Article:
Former Trails 2000 director reminisces about his time reshaping outside recreation – The Durango Herald

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Bill Manning spent 13 years at the non-profit organization Durango before joining the Colorado Trail Foundation

Bill Manning celebrates 13 years of trail work in Durango in 2006. (Courtesy of Bill Manning)

Durango is known as a mountain biking mecca — with some of the finest hiking and biking trails in Colorado — and that’s thanks in no small part to one man: Bill Manning.

Just a few weeks after retiring at the age of 67, Manning looked back on the 13 years he spent refining trails for La Plata County between 1993 and 2006.

“In 1990 I was volunteering as a World Mountain Bike Championships organizer,” Manning said. “And I ended up in this meeting where there were members of the BLM (Bureau of Land Management) and the Forest Service, and they were talking about important (bike) paths and possible trail efforts around Durango. For some reason that stuck with me.”

Manning had recruited a multitude of volunteers to build trails for the World Mountain Bike Championship being held in Durango, the first of its kind. Manning and the volunteers’ work inspired other Durangoans to envision the possibilities of other trails in Durango and to create or expand the surrounding counties.

They have set a goal of completing 200 miles of hiking trails by the year 2000. Eventually, a nonprofit organization called Trails 2000—now known as Durango Trails—was formed and Manning became its director.

The first of many goals for Manning and his associates was to make the trails more permanent. The first trail Manning focused on was the section of the Colorado Trail along Molas Pass near Silverton, where he and a team worked to install new water drains and create water diversions.

“Rain and runoff can really ruin a trail,” he said. “It gets really rocky and difficult to walk on.”

Trails 2000s 1993 effort to preserve part of the Colorado Trail near Molas Pass. (Courtesy of Bill Manning)

Manning and his team spent the next decade improving hundreds of trails, including connecting certain trails, creating looped trails to reduce difficulty for hikers and cyclists, and developing new trails in multiple jurisdictions.

“You could put all the jobs I’ve had on a Rolodex,” Manning said. “I cleared tracks. I have cooked meals. I was responsible for the tools. I’ve worked on a lot of different things.”

There is one notable path that presented some difficulties for Manning and his team.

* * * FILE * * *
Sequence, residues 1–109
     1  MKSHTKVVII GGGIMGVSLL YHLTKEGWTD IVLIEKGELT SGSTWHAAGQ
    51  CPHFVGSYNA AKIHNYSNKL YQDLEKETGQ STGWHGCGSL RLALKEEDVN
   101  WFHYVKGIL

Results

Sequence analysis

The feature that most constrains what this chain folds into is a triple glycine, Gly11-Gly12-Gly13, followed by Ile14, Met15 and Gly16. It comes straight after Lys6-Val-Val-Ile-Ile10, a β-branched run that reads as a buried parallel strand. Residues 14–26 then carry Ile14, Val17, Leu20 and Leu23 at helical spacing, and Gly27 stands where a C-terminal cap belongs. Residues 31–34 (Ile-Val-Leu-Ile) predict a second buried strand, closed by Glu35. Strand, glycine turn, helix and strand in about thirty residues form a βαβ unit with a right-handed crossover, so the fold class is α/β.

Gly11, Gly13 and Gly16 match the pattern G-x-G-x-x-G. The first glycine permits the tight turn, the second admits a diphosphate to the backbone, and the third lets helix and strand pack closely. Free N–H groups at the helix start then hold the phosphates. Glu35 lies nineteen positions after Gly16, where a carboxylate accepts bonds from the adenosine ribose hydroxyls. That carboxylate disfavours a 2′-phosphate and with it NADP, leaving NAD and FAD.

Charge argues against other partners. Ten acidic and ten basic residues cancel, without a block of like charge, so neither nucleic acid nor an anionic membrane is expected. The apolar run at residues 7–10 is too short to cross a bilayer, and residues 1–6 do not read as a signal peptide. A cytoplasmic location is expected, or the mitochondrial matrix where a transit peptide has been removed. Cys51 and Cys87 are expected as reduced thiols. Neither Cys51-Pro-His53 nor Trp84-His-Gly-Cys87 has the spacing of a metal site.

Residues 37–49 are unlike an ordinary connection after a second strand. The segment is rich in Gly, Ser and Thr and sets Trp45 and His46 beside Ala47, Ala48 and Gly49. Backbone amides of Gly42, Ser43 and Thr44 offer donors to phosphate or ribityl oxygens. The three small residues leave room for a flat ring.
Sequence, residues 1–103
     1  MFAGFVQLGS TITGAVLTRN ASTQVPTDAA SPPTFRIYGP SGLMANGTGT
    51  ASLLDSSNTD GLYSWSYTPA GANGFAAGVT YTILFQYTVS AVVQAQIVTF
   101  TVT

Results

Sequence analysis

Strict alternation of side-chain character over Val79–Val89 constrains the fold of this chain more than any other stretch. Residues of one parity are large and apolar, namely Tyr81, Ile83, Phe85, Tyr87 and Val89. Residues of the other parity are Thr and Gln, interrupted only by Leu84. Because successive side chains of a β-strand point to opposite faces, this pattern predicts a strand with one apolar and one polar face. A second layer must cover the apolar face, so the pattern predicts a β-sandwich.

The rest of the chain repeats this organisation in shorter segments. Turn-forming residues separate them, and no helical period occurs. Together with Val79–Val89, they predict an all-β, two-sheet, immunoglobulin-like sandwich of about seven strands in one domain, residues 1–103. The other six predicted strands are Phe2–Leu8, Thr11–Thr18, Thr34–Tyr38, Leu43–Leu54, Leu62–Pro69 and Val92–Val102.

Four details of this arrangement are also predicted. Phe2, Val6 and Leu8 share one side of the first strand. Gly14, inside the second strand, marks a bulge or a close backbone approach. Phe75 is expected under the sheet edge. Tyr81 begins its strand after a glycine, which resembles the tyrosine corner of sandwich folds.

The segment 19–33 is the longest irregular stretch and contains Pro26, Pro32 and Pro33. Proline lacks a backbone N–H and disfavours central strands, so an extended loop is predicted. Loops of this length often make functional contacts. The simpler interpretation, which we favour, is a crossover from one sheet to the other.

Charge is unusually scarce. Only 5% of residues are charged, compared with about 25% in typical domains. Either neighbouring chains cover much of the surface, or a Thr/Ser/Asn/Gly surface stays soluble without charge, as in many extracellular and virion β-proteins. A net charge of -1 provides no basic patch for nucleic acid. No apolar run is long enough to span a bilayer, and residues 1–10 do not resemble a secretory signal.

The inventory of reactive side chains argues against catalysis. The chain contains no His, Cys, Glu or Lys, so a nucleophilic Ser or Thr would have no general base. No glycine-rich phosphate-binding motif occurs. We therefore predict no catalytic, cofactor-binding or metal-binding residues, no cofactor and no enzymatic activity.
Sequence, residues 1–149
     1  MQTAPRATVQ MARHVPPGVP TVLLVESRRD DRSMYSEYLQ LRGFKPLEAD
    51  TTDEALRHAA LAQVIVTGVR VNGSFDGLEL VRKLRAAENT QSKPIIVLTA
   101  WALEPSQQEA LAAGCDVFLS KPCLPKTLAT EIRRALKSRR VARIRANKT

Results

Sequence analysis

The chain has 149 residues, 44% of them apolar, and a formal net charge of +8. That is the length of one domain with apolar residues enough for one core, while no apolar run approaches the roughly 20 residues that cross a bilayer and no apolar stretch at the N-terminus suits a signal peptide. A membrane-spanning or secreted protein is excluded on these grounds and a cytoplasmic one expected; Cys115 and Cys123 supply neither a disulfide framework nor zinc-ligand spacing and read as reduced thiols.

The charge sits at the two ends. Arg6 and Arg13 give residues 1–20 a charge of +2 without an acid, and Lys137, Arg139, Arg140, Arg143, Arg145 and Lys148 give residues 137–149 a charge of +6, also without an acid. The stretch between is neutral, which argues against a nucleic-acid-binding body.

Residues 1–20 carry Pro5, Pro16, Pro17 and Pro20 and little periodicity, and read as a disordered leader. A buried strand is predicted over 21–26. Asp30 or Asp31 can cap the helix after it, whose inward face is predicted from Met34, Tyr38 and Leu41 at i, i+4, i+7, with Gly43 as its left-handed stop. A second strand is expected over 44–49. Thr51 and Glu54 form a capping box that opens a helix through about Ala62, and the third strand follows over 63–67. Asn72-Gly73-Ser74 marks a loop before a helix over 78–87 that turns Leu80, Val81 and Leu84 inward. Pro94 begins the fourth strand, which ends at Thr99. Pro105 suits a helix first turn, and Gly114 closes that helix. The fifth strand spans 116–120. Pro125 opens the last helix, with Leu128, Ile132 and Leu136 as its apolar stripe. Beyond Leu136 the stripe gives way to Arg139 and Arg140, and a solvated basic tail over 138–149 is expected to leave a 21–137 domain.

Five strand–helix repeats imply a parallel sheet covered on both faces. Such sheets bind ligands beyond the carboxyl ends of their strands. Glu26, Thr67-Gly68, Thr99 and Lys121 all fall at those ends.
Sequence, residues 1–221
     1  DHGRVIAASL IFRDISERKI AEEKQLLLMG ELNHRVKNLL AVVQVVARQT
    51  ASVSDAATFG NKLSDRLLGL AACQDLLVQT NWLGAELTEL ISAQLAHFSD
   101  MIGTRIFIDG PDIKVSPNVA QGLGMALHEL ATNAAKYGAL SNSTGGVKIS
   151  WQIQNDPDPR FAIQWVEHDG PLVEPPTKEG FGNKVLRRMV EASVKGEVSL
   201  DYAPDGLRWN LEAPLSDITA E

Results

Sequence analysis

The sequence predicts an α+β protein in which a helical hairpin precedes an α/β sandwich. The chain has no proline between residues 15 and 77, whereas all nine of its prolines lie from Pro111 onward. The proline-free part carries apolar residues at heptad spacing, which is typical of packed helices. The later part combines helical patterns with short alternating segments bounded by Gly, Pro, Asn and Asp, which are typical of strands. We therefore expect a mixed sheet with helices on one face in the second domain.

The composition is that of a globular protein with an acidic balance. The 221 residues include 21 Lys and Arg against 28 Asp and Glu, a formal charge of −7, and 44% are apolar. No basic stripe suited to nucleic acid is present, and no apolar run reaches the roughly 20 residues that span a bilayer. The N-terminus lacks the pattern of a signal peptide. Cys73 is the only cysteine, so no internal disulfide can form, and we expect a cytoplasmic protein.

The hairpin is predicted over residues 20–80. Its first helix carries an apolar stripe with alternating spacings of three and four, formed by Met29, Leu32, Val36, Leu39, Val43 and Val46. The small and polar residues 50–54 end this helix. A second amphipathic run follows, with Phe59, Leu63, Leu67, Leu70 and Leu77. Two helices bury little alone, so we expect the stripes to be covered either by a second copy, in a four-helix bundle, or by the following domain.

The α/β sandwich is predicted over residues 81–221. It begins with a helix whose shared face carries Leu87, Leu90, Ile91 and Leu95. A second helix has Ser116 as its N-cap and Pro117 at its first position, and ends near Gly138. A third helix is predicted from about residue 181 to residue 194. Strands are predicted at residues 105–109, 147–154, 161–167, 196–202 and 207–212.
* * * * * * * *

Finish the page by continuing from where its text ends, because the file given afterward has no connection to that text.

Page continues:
“Telegraph Trail was definitely a tough trail,” Manning said, referring to a trail in Horse Gulch. “We spent two years putting the property management together because a lot of it (the trail) was on private property owned by Noel Pautsky.

“When we finally got the green light, I asked a couple of volunteers to meet me at Horse Gulch (road). My truck barely made it there,” he said. “I waited and waited, but no one showed up to help me, so that day I worked on it alone. After a while, however, more and more people came to help. We eventually had about 50 volunteers.”

Manning shared another of his favorite volunteer memories.

“We edited my favorite section of the Colorado Trail, between Gudy’s Rest to Champion Mine Road, and diverted water (runoff),” he said. “We had about 20 volunteers, give or take. Really great people. We all camped together along the trails. Shared meals. It was a really great experience.”

Manning left Durango and Trails 2000 in 2006 to accept a position with the Colorado Trail Foundation. He retired earlier this month as the foundation’s executive director.

Manning now spends time as a volunteer at CTF, which is now run by Managing Director Tisha McCombs.

“I’ve worked with volunteers for 30 years, and now I’m one,” Manning said.

He also volunteers to sharpen kitchen knives for friends and neighbors who dull their blades. It’s a ministry that keeps him busy, but he doesn’t advertise.

“It’s word of mouth,” he said. “I have a lot of businesses just in the townhouse complex where I live.”

Bill Manning is looking forward to volunteering with the Colorado Trail Foundation and sharpening kitchen knives for his neighbors in his retirement. (Courtesy of Bill Manning)

When he’s not volunteering at the Colorado Trails Foundation or sharpening kitchen knives, he’s spending time with his girlfriend Judy, who’s helping him get through the first round of chemotherapy he’s receiving for his recently diagnosed cancer. Like everything else in Manning’s life, he views his recent setback with a “can-do” attitude.

“Chemo isn’t making me as tired as I thought it would be,” he said. “So far it has been successful and I can’t ask for more.”

Of all the trails Manning has worked on over the years, he remembers his favorite trail in Durango: the Nature Trail, which winds its way up to the chapel at Fort Lewis College.

“I’ve always enjoyed working my way up to the top,” he said wistfully. “It’s all about that view. You know?”

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